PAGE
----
A fuzzy functional k-means approach for monitoring Italian regions according to health evolution over time
In recent decades, functional data analysis has attracted the attention of many researchers in mathematics and statistics. For this reason, both the theory and applications have proliferated in the literature. Much of classical statistics has been rewritten in functional terms to handle data that are or can be represented by functions through appropriate smoothing operations. Within the framework of supervised and unsupervised classification, numerous techniques have been proposed to identify homogeneous groups of functional data based on different possible metrics and semi-metrics depending on the specific context. A limitation of these techniques is that they always lead to crisp-type groupings. Recently, in fuzzy set theory, many classification methods have been proposed to obtain non-crisp groupings so that the researcher is not forced to assign a statistical unit to a single group in a unique way. Following this approach, it is possible to carry out a classification that contemplates the possibility that a statistical unit belongs to different groups at the same time with different degrees of membership. The objective of this article is to propose a fuzzy functional unsupervised classification algorithm that takes into account both the functional and the fuzzy approach in order to identify similar patterns of functional data. After presenting the method, a possible application is proposed using the health composite indicator concerning the Italian regions in the period 2010–2015. The final aim of this work is to provide professionals with a tool capable of monitoring the risks of health imbalances at the national level, identifying similar behaviours at the local level but embracing the uncertainty that the fuzzy functional classification preserves in results.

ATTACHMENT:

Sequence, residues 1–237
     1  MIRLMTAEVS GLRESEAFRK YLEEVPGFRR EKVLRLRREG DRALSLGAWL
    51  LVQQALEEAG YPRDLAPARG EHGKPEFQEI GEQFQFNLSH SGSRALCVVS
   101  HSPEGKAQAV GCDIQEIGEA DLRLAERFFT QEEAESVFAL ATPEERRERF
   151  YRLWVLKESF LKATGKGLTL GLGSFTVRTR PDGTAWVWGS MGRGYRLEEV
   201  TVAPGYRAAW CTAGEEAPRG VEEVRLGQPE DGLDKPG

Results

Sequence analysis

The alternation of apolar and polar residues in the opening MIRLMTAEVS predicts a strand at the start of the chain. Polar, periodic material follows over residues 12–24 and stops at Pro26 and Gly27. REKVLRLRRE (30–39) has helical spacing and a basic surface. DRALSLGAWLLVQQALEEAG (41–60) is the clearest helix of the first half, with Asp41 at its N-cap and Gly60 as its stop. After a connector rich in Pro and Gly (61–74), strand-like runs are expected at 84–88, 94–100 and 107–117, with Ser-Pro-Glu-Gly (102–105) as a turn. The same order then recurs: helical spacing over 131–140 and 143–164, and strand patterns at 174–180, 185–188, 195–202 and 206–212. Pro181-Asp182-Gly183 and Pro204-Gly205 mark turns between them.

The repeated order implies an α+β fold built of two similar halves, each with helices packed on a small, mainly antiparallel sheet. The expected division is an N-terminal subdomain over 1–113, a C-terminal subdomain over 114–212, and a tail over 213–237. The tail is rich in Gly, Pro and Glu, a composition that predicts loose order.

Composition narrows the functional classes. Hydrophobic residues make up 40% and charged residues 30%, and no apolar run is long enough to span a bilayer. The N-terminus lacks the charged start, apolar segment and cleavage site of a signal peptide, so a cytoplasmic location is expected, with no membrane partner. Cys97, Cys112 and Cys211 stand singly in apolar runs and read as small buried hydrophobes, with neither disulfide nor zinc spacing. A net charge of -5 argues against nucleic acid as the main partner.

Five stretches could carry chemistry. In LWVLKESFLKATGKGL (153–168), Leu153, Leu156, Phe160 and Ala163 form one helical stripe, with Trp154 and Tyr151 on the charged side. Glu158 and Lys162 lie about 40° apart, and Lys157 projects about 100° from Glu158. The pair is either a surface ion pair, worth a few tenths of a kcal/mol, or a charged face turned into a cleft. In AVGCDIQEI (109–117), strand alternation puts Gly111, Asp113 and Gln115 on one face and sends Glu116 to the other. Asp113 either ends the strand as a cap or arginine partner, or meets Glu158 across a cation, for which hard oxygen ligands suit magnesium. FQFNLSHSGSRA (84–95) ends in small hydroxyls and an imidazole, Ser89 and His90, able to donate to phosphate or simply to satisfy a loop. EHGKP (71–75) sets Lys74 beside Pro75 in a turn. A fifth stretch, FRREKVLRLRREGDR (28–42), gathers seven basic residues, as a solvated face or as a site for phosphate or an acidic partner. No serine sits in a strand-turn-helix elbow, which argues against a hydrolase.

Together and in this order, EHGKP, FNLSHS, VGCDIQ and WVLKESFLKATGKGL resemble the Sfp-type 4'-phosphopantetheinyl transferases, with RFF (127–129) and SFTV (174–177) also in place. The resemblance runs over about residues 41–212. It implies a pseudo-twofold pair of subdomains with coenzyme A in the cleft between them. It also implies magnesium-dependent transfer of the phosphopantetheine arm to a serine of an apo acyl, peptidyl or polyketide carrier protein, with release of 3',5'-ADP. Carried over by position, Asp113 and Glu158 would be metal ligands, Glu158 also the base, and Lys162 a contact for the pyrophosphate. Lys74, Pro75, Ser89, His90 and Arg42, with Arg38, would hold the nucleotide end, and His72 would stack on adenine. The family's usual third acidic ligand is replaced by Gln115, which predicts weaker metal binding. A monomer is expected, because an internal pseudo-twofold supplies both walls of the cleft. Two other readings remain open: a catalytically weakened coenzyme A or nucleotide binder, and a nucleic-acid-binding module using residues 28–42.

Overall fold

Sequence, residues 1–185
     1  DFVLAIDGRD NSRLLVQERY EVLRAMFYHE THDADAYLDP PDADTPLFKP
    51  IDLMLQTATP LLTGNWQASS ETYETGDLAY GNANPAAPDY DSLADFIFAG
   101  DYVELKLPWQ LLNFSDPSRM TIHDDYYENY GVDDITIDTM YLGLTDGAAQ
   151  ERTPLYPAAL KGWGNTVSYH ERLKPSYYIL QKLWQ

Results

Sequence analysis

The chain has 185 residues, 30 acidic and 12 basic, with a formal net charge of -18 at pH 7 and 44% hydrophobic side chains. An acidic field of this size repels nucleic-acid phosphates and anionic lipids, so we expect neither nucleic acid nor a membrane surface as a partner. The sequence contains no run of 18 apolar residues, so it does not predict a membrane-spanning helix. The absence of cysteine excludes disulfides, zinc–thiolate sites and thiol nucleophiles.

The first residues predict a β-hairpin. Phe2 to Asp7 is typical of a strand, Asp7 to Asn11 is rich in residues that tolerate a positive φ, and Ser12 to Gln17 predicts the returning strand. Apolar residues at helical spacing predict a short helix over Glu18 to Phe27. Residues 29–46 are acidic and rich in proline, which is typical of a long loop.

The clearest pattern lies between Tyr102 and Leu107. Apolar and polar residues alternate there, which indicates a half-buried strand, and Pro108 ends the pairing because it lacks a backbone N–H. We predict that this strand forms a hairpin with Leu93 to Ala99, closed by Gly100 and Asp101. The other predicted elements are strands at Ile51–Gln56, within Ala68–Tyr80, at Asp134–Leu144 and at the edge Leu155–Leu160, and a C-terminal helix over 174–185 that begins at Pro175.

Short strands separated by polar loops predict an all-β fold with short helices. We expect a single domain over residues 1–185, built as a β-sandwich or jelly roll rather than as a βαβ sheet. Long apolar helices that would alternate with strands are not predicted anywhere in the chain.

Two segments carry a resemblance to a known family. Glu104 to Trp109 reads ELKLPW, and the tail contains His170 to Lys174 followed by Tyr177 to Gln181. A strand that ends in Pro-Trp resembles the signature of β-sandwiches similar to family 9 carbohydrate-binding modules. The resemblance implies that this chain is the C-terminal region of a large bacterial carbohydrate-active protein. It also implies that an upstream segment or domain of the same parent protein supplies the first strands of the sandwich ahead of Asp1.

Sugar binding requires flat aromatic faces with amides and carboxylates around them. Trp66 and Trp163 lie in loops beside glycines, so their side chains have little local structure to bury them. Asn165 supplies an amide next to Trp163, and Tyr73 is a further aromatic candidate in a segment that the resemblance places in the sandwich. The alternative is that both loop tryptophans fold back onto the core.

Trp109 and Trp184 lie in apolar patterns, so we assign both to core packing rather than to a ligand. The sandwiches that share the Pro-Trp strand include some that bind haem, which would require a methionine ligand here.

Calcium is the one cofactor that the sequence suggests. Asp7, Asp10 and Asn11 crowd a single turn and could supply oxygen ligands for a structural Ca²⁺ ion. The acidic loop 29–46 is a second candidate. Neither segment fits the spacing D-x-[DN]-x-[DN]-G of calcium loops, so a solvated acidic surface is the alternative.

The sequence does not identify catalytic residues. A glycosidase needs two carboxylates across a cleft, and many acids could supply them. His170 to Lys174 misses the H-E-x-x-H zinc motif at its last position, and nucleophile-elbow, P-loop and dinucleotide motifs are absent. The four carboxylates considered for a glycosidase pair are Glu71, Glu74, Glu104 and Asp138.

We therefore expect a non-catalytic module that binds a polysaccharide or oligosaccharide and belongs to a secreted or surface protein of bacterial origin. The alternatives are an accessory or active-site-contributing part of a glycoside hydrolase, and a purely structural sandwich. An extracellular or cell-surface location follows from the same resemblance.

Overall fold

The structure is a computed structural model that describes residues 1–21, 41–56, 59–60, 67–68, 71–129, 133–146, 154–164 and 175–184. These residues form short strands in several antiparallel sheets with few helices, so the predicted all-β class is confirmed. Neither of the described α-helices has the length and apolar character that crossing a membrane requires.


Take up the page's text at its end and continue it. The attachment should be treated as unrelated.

KeywordsFuzzy functional k-means clustering Health composite indicators FDA Unsupervised classification Official statistics
Dr Maturo and Dr Ferguson are supported by a Grant from the Health Research Board, Ireland: EIA-2017-017.
Compliance with ethical standards
Conflict of interest
The authors declare that they have no conflict of interest.
This article does not contain any studies with human participants performed by any of the authors.
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